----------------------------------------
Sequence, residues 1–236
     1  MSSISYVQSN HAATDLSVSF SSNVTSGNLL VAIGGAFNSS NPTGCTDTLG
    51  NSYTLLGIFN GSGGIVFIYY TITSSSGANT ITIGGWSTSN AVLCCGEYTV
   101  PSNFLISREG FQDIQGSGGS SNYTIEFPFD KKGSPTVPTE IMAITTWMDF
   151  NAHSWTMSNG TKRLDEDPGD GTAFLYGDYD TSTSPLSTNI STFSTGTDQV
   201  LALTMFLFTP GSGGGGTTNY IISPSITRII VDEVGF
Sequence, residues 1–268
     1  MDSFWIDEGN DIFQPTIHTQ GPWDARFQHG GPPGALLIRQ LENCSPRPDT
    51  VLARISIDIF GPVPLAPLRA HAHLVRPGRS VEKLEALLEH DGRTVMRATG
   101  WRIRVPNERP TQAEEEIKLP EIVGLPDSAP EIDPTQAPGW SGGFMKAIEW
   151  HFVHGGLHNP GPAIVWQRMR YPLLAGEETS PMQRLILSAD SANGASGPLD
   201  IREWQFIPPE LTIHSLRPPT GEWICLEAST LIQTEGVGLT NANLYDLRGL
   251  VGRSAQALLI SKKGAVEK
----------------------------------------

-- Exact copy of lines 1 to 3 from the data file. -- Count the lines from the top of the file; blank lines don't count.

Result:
Sequence, residues 1–236
     1  MSSISYVQSN HAATDLSVSF SSNVTSGNLL VAIGGAFNSS NPTGCTDTLG
    51  NSYTLLGIFN GSGGIVFIYY TITSSSGANT ITIGGWSTSN AVLCCGEYTV